Every person is guilty of violating God’s law and is deserving of judgment.  When those of us who are in Christ by faith face the Almighty God – the One who has the authority to condemn us to hell – Jesus is anything but silent.  His silence at His own trial makes it possible for Him to be the Advocate at ours.  By refusing to respond to a single charge against Him, He is able to negate every accusation against us.

In a sermon on Lamentations 3:58, Charles Spurgeon imagined the scene in “the court of divine law” where we have been charged with failing to do what God commands and choosing to do what He forbids.  After the charges are read, the time comes for us to enter a plea.  Of this moment Spurgeon said:

“We are asked if we have anything to say why sentence should not be pronounced upon us.  We are silent.  Well may we hold down our heads, for what reason is there why we should not be punished for the sins which we have committed?  There was a time when we would have pleaded, ‘Not guilty,’ but we know better now.  We know our guilt; it stares us in the face.  We cannot plead the force of temptation, for we know that often we have tempted ourselves, and have, without any incentive beyond our own hearts, run greedily after sin.  The law sits upon its throne of judgment, and since we cannot plead, it makes proclamation, ‘Is there anyone in court who will act as advocate for this rebel, whose silence and shame witness to his guilt?  If there is none to show cause to the contrary, I will open the Great Book and read his sentence; I will put on the black cap, and he shall be taken to doom.’  Up stands the bleeding Savior, the great Advocate for sinners!  What does Jesus plead?  ‘O Justice,’ He says, ‘I plead not that these men have not sinned – I do confess on their behalf that they have grievously sinned; but I plead for them that their sin has been punished – punished in Me.  All the curse of their sin was laid on Me.  I loved them from before the foundations of the world; and having loved them I took their sin upon Myself, and therefore, it is not on them.  I suffered in their place, and therefore, Justice, you cannot punish two for one offense – having struck Me for them – you cannot now strike them!  I plead My blood – these wounds of Mine, once opened by the cruel nails – this side of Mine, once torn with the spear – I plead these – My groans, My tears, My agony, My death – for these I suffered on their account.  Their sin was punished in Me – let them go free!'”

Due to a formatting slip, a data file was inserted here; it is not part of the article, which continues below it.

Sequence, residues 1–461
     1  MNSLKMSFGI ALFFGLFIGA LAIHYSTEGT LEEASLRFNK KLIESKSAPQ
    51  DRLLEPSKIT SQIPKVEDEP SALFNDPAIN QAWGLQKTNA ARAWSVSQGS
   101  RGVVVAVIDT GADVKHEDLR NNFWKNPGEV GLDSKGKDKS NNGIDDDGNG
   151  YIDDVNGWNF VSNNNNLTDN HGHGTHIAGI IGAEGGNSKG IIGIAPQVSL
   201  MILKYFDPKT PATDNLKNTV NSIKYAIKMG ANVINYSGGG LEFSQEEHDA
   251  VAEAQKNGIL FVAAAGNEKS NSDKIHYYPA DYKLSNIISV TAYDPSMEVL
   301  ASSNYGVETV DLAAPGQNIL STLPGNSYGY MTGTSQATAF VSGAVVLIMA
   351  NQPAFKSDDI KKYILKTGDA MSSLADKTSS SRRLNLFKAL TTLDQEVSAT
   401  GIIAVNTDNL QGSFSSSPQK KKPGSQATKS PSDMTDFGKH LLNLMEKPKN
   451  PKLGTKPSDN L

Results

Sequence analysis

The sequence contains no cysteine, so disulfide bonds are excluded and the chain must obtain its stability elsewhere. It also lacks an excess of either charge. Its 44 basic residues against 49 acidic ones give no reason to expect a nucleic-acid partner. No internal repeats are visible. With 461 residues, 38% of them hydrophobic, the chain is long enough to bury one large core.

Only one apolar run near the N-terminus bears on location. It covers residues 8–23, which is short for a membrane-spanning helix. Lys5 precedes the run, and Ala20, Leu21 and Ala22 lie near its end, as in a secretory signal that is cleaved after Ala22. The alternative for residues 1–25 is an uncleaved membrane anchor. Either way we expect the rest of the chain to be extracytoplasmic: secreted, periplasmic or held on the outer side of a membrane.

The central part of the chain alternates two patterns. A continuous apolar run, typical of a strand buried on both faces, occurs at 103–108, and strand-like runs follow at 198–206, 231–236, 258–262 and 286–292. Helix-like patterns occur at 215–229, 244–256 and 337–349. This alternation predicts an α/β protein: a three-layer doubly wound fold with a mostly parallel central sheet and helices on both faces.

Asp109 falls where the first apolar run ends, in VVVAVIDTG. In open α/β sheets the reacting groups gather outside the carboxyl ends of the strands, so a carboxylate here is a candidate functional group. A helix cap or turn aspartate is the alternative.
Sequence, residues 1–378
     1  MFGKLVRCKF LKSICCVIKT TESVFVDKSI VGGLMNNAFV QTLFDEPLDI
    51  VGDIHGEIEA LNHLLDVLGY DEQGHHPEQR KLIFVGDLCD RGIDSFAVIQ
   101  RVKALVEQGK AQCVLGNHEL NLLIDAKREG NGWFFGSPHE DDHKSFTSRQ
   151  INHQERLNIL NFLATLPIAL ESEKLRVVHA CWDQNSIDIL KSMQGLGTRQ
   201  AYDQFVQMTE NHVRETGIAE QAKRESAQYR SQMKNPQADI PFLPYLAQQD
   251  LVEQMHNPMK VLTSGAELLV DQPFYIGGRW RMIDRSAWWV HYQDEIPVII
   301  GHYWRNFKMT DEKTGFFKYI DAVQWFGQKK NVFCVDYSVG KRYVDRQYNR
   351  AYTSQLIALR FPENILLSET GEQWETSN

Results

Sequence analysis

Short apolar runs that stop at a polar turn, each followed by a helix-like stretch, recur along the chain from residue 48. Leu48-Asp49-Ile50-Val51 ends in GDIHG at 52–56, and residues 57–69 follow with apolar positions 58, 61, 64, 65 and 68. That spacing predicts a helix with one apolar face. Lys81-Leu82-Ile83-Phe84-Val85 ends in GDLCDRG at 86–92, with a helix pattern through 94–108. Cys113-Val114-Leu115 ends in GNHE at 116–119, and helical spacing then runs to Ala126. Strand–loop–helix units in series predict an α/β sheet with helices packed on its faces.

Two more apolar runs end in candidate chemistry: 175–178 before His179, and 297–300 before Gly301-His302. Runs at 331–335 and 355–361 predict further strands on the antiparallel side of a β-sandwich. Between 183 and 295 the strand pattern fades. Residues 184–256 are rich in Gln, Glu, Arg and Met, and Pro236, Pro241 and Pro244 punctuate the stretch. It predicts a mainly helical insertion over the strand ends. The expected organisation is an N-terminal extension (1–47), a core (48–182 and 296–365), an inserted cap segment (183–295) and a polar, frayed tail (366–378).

And we’re free indeed.  In this way, God is both “just and the justifier of the one who has faith in Jesus” (Romans 3:26).  Since God’s charges against us were borne by Christ, we can live today as those for whom there is “now no condemnation” (Romans 8:1).  As for anyone else who would dare accuse us – be it our own consciences, other people, or Satan himself?  The charges don’t stand because the only One with power to condemn has chosen to plead our cause instead (Romans 8:33-34).

To borrow words from Lauren Daigle, “How can it be?”